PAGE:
A parade held during the 62nd anniversary of Algerian war of independence in Algiers, Algeria on November 1, 2016 [Bechir Ramzy/Anadolu]

A parade held during the 62nd anniversary of Algerian war of independence in Algiers, Algeria on November 1, 2016 [Bechir Ramzy/Anadolu]

The opposition is viewed as weak and fragmented with their call for boycotting the elections masking their lack of strategies in providing solutions to the government’s shortcomings. The call for boycott is also driven by the lack of transparency in the electoral process,(which was expected to have improved since the restructuring of the intelligence apparatus (the DRS)), where calls to release the national electoral register in a show of such transparency have been refused.

Though the opposition in Algeria is almost non-existent in influence, the main actors are fronted by the Islamists who currently hold 60 seats. They have failed to gain the same support since the Islamic Salvation Front in the 1990s who won the backing of the marginalised majority and would have won the 1992 elections had the army not stepped in and cancelled their course to success.

In 2012, the Islamist parties of the Movement of Society for Peace, Islamic Renaissance Movement and the Movement for National Reform hoped to replicate the gains of their peers in Egypt and Tunisia by forming a coalition to better their chances in the election through the Green Algeria Alliance. Instead, the parties suffered their worst electoral defeat and highlighted Algeria’s lack of appetite in returning to a state of violence that plunged the country into civil war in the 1990s by backing the opposition.

The rest shaping the opposition are mainly the secular Rally for Culture and Democracy (RCD), who boycotted the 2012 elections, the Front of Socialist Forces (FFS), who the RCD hopes to gain seats from, and the Algeria’s Workers’ Party, headed by Louisa Hanoune who has attempted to take the presidential seat since 1999.

Climate of uncertainty

2012’s legislative elections was largely viewed as the Algerian government’s success in derailing any descent into violence amid the protest movement of the Arab Spring by buying its way into social peace through its generous subsidy system and stable economy. 2017 is very different, (though not as crises-defined as it was in the 1980s/90s), and can no longer benefit from a regressive system that only seeks to widen the gap between the rich and poor.

The fall in oil-prices in 2014 has been the needed wakeup call that Algeria must diversify its economy and cannot economically depend on its oil and hydrocarbons in sustaining its future and the country’s growth in accommodating for a population with a 26 per cent birth rate.

Oil revenues in Algeria have fallen since 2014 from $60.3 billion to a recorded $27.5 billion in 2016

Though protests have been part and parcel of Algeria’s social fabric for decades, a new urgency has been instilled within the country since the introduction of the Finance Law 2017 where public expenditure has been slashed by 14 per cent in 2017 alone and where reforms mean an increase in prices, VAT and new import licences.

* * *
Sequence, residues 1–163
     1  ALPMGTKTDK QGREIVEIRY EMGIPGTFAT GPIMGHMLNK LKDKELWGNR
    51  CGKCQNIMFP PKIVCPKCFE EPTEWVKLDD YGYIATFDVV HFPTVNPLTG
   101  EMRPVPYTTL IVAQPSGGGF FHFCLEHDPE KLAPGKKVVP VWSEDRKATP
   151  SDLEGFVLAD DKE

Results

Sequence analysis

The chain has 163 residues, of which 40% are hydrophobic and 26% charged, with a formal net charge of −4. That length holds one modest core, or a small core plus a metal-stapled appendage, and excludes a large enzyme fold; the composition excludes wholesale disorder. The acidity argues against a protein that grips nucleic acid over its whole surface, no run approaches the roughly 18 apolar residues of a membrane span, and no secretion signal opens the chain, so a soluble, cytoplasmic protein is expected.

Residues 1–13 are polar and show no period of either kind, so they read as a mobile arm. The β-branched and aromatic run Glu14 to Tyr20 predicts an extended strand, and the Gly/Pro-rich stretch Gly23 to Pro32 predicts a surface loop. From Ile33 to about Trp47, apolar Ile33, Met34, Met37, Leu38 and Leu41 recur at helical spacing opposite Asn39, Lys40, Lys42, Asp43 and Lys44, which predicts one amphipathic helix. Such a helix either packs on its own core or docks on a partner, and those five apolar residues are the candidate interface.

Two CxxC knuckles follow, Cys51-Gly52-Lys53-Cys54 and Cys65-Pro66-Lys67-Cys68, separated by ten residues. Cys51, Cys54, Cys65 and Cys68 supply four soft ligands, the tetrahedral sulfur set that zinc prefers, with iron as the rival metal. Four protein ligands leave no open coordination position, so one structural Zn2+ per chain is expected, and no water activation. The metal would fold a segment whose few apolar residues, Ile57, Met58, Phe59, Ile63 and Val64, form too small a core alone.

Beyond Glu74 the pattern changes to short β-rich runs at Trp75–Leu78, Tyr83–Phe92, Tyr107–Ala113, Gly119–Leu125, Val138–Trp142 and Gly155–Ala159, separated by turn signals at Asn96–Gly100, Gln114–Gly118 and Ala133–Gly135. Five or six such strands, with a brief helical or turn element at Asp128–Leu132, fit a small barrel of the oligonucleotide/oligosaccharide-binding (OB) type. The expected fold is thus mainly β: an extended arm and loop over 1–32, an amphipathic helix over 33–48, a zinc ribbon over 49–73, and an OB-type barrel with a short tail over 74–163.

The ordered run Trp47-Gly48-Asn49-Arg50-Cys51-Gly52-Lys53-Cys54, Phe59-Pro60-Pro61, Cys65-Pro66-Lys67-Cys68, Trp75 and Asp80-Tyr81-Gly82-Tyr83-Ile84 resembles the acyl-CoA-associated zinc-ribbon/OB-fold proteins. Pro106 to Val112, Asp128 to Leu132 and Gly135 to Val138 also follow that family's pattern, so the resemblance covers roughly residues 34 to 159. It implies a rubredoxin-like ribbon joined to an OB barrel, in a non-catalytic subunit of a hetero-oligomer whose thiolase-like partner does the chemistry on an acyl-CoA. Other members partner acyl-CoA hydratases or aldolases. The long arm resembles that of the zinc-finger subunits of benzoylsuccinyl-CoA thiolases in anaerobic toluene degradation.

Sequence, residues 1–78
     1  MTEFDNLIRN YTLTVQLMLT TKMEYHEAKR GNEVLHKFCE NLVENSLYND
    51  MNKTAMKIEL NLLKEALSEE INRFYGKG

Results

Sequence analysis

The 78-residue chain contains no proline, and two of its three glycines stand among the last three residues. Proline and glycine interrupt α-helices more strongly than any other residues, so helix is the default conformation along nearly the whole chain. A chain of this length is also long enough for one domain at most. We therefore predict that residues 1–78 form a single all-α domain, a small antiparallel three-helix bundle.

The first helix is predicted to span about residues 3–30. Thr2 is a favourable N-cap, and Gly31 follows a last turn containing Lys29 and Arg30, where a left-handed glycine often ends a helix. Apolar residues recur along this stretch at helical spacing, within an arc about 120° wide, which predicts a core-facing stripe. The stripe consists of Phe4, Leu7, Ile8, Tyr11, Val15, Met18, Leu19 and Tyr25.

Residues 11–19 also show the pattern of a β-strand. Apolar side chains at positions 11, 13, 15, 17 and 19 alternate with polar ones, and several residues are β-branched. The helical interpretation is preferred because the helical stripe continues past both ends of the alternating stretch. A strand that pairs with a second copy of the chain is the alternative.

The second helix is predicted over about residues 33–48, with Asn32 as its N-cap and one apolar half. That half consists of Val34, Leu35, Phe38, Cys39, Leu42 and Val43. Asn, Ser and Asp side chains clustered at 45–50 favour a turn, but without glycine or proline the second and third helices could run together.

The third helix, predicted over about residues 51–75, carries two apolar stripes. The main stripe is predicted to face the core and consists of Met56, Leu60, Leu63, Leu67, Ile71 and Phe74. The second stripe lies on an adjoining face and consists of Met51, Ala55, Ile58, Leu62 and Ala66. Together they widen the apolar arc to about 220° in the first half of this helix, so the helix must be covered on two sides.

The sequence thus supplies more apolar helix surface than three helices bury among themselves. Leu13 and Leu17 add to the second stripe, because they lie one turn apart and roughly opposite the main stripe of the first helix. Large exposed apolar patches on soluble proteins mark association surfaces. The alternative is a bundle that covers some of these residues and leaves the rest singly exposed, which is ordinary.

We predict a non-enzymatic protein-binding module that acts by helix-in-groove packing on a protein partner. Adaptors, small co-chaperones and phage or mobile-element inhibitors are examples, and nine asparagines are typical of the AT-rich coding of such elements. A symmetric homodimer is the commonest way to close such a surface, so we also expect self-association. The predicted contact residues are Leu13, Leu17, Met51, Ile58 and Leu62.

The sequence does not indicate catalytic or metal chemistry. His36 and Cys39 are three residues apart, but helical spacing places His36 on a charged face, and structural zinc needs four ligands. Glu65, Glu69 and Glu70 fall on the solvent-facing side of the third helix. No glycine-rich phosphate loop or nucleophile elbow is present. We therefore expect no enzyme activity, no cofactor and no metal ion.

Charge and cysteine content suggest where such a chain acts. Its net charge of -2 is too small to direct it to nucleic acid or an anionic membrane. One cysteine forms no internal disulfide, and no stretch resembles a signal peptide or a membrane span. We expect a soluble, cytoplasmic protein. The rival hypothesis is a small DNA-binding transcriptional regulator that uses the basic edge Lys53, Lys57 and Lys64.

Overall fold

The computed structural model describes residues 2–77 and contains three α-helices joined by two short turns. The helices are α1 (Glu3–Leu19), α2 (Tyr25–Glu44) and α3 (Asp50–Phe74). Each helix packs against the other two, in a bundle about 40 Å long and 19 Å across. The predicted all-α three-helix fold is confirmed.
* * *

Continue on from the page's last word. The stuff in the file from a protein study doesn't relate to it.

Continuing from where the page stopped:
Algeria cannot be truly independent whilst it seeks French acceptance

The housing crisis has been aggravated by the introduction of these import measures resulting in construction projects being placed on hold indefinitely due to foreign companies not being paid or given the necessary equipment to continue in projects that would relieve Algeria’s housing shortage.

The welfare system has done little to aid social tensions fuelled by the irritation of Algerians looking for solutions to their problems and for promises to materialise. The demonstrations and riots that were recorded in the previously calm states in the south have since ignited to match the anger witnessed regularly in the north.

Not driven politically, the protests range from sit-ins outside public halls, hunger strikes at universities and rioting against public administrations and police stations. Choosing direct action as their language of communication with the government has proven more effective for their goals than using the conventional means of the ballot box. Their demands are not unrealistic: viewing the state as the caretaker of the country’s affairs, fairer distribution of its services and state resources, better opportunities in the work sector and adhering to promises of improved reforms are expectations that the government refuses to concede.

The axing of thousands of jobs has added to the woes of youth unemployment which has largely defined the post-independence generation. Attaining a diploma is no longer a guarantee of employment after university – over 32 per cent of graduates fail to find work after they leave which adds further strain when the education system is riddled with issues.

Dental students go on hunger strike in Algeria [DR]

Dental students go on hunger strike in Algeria [DR]

Lack of inclusion of the youth in the political sphere creates further distrust in political institutions and only strives to deepen the divide between the pre and post-independence generations who rarely see eye-to-eye.

The heroes of the war of independence no longer have their legitimacy blindly accepted in justifying their hold on power. They are not above criticism. The new generation sees nothing in them but incompetent figures masked by national historical gratitude. The ballot box is nothing but an extension of the disappointment Algerians feel. The only thing certain today is that continuity will emerge the winner and the people are mere spectators.

The views expressed in this article belong to the author and do not necessarily reflect the editorial policy of Middle East Monitor.